Some have complained about the concept of the monument. Others complained that it did not adequately represent the Dr. Monument. The legacy of the king. Does its focus on love distract from the fact that the struggle continues? From some angles, the observer imagined a picture that was bleak, ugly and ugly. This was clearly not the artist’s intention.

But when emotional words are bandied about on social media, they are motivated to take on more importance than they benefit. It’s no surprise that sexual references have become a hot topic for the complaint mill.

Even the lovely comedian Leslie Jones took the statue to task, claiming she was “invisible” to sexual abuse. But like most comedies, her routine reveals both its contradictions and its absurdity.

2011 Dr. King Memorial Created for Washington, DC, the most politically charged place for Anu. The history of America is still being disputed. Are monuments too traditional? Does it really look like Dr. King? Are Chinese-American artists standing to represent African-American heroes? These questions are unanswered.

A 30-foot, 8-inch granite sculpture of the king stands among cherry trees on four acres on the northwest shore of the Tidal Basin in Washington.  The statue depicts the king in a business suit with his arms folded, holding a scroll and looking over a basin.

There is never a shortage of opposition to public statues, especially when Blackness is at issue. In 2011, after being commissioned to produce work for the Indianapolis Cultural Trail, African-American artist Fred Wilson’s sculpture, “E Pluribus Unum,” was canceled before it could be installed.

The design is an image of a terrible slave selected from soldiers and sailors Monument in Indianapolis, where the original image is a symbol of black submission. Wilson’s work will transform the image into an image of empowerment – a critical intervention often used by Wilson. However, the African-American community objected to the representation of subservience, and the project was eventually abandoned.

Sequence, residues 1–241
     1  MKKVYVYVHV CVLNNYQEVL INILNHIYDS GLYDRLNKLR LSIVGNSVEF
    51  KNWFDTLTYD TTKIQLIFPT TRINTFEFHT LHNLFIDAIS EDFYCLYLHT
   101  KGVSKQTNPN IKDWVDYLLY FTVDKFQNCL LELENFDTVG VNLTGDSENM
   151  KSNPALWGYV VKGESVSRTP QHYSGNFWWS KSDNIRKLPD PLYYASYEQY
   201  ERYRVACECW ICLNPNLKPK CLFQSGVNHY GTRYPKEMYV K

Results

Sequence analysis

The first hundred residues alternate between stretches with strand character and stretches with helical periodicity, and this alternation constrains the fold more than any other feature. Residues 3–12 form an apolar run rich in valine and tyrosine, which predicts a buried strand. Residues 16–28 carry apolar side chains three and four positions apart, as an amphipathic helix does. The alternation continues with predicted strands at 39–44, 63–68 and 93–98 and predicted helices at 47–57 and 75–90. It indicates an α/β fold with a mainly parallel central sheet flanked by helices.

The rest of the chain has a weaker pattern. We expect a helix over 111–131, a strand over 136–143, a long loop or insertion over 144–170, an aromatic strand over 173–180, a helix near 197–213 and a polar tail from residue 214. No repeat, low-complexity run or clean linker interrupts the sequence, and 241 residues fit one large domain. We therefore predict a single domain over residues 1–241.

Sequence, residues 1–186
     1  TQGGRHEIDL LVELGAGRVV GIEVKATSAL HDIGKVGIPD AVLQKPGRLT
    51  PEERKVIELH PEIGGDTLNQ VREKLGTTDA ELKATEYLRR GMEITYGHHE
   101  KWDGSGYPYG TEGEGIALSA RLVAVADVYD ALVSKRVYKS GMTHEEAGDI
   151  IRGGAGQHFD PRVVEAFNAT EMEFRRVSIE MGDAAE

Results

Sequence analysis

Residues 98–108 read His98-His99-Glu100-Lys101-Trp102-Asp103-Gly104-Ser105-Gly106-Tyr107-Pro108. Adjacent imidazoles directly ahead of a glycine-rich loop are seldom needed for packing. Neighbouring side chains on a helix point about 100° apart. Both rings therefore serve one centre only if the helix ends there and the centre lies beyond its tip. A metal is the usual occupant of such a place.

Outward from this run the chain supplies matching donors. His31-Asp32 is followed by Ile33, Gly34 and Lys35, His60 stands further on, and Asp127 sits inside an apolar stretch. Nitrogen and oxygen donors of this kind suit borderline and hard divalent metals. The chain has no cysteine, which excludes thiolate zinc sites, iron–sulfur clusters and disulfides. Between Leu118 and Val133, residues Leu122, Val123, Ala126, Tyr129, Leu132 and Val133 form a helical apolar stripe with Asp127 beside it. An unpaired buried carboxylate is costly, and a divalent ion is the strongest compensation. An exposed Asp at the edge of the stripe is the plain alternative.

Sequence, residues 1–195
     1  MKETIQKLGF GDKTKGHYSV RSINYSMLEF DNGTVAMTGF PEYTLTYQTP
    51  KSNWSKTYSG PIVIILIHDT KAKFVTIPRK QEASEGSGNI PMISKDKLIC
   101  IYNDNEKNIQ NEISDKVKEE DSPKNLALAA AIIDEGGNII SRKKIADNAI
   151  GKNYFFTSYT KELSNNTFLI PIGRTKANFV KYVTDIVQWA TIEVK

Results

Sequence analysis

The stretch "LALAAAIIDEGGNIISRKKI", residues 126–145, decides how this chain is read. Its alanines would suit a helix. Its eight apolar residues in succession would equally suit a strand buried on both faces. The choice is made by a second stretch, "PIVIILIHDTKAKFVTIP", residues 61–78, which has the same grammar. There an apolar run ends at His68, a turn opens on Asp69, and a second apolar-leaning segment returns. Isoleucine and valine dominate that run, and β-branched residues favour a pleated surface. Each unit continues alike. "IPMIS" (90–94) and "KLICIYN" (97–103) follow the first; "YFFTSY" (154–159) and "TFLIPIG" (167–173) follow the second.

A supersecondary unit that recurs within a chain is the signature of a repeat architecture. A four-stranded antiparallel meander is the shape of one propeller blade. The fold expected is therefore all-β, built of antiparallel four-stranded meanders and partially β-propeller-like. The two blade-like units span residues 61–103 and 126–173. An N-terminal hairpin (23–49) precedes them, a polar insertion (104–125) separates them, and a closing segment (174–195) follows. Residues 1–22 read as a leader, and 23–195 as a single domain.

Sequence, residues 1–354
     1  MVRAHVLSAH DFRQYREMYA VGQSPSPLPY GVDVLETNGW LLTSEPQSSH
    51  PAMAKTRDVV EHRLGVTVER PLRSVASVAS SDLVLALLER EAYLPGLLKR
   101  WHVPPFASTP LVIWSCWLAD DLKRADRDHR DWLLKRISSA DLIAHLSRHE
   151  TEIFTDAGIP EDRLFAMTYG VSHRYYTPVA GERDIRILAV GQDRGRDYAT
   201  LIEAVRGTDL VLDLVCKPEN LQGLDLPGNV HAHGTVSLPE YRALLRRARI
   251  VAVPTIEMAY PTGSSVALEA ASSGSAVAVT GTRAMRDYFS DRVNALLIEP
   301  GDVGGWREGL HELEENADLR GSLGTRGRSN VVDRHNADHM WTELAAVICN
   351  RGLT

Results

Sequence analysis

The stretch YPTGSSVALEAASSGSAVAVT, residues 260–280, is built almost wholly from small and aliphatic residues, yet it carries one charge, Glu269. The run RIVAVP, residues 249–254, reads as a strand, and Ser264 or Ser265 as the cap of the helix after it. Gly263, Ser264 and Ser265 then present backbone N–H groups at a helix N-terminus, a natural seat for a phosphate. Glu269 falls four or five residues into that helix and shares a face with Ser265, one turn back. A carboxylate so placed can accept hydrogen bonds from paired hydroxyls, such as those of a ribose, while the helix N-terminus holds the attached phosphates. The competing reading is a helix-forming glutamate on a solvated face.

Thomas’s statement to the King comes at a time when the controversy surrounding the monument has become part of our public reckoning with America’s violent and racist past and present. Monuments of the Confederacy – built as much to support white supremacy as to commemorate the glory of the past – are attacked and dismantled as vestiges of racism as a progressive system of visual culture. Indeed, art is an important tool to seize and question political power.

For too long, stories of black resistance, struggle and achievement have been absent from the vast web of American sculpture. At the monument Dr And other African Americans, such as Harriett Tubman and Frederick Douglass, who remember the warriors for social justice and the rich challenge of the monument to the great white man.

Renée Ater, visiting professor in Africana Studies at Brown University, has delved into the history of American monuments dealing with America’s slave past and recently spoke with four black monument artists who discussed the problems they encountered in the process of creating the monument. in America.

For decades we have faced the inequalities that exist in our public art, and now we reckon with them. Thomas’s brave journey into the tumultuous world of historic public monuments was never easy.

There are countless memorials to Dr. King across the country, and around the world. Most of the images represent a trend that is very pleasing to the general public. Thomas’ “The Embrace” takes an alternative entry point into the business of remembering Dr. I admire his decision to take risks with his elements and focus on Love and kindness